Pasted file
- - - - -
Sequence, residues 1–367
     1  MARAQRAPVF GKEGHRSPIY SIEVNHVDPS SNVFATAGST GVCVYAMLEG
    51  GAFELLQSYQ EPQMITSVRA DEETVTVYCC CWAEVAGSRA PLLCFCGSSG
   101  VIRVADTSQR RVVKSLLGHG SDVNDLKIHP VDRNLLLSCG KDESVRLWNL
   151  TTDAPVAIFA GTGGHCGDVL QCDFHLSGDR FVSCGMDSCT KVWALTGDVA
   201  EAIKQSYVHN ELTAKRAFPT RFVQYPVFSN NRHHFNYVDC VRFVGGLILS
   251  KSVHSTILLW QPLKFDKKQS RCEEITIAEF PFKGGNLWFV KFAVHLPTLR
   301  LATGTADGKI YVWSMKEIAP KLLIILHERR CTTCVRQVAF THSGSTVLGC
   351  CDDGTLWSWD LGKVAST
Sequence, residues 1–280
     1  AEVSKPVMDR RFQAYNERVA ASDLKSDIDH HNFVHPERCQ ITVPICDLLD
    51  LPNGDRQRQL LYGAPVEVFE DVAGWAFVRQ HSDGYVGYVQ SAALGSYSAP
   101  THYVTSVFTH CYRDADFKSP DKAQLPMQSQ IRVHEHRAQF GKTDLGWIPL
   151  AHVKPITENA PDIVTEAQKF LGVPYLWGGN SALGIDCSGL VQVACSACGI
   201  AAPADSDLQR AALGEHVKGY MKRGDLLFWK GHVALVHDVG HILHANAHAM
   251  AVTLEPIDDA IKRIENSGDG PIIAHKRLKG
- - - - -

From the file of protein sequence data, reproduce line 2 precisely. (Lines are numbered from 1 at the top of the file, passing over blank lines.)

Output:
     1  MARAQRAPVF GKEGHRSPIY SIEVNHVDPS SNVFATAGST GVCVYAMLEG